TJG: You said you were working with your dad to get the music to where it could be “shared with the rest of the world.” What did the process look like?

CD: I performed and recorded all of the music for him at my parents’ house. I played and recorded it there so that he could listen to it. I did have a feeling that it was music that I would want to share with others, but at the time, it was really just for him. It was recorded in a basement, with no engineer, no studio. Because it’s such a large amount of music, I decided to mix it myself. Together with my dad, we named all the tracks together, because they were all improvisations. He named many of the tracks, and for others, we figured out together what they should be called.

It didn’t start out as an album or a bigger project, but everything you do to produce an album, we began to discuss together. We started talking about what it should be called, and who the music is for. In the past, my projects have been for everybody: I just make the music, and don’t really think about who or what the music is for. But in this case, the music was for him, and he wanted to share it with others who were experiencing what he was going through: The process of dying. So, this music is for people in hospice, people going through that transition. As I’ve played the music for others, people have thought of other contexts where it would be great, which I’m not opposed to either.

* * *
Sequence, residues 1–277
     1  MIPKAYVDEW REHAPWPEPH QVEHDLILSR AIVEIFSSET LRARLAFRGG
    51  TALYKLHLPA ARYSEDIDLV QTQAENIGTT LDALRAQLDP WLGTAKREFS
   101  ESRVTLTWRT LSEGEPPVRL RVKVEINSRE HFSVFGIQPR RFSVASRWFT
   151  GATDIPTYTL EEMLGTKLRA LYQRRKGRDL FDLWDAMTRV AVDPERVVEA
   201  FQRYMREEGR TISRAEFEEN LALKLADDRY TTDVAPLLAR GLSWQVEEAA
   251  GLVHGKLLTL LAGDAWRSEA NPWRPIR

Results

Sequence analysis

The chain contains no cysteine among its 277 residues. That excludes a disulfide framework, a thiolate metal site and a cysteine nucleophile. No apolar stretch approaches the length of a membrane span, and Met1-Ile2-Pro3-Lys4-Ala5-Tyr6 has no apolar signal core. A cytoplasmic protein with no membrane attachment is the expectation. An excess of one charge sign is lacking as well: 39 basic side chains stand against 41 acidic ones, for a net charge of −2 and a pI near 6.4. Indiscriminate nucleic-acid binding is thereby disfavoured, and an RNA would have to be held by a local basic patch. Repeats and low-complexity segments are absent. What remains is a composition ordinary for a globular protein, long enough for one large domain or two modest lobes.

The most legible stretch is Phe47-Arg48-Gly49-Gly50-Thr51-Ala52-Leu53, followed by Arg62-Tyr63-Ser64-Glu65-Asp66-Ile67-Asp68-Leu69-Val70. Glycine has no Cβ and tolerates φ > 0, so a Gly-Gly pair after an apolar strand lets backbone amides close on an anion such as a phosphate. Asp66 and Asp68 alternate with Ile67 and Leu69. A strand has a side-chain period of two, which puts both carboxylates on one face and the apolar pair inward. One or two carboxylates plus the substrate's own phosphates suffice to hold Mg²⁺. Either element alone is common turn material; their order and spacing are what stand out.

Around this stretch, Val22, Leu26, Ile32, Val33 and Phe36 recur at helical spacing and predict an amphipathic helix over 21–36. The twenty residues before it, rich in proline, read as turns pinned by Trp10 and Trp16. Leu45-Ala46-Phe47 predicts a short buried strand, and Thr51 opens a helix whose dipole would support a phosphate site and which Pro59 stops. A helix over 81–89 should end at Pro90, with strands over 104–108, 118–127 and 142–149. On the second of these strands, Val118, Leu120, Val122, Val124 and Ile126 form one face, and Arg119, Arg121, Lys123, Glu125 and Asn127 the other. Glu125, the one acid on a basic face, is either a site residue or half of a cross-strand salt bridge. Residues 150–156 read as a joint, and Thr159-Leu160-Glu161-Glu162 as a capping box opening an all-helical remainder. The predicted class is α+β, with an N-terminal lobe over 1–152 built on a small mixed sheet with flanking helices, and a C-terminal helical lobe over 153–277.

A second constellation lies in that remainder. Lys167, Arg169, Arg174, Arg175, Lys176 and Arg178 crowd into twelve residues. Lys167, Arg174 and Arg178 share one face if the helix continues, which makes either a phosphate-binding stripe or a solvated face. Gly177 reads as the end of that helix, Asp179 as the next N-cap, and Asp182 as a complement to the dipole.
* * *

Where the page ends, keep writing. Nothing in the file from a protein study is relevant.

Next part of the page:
TJG: My instinct is to ask if you would consider playing this music for others who are in hospice, but that seems like it would be so difficult.

CD: That’s something I’d definitely consider. Going forward, once this project gets released, I will be doing exactly that, playing in person for people who are in hospice. It’s hard, but it’s really meaningful work. It’s so helpful to those who are going through that.

TJG: What a gift to give.

CD: Yeah. Really. I’ve been thinking lately about our roles as musicians in the world. To find this part of the job, so to speak, this element of what music can do, and to be able to do it, is a special thing. There are so many things that music can do beyond simply being entertainment, you know? Consider cultures from around the world, all of the different ways they use music.

TJG: Would you say this is your first time “using” music for something in a way that goes beyond entertainment? Have you done this kind of exploration before?

CD: That’s a tricky one. I’ve done a little bit of exploring, though I don’t know if you would consider film scoring to be a different “use.” It depends on the project and what it’s about. For example, I have played on Jen Shyu’s project Song of Silver Geese over the last few years. The music is a set of rituals, which is kind of different. She presents the rituals in a concert format, and it provides an interesting overlap. But that’s her project, I’m just a part of it. In my own music, this solo vibes concert will be my first time intentionally considering how the music is for a certain purpose.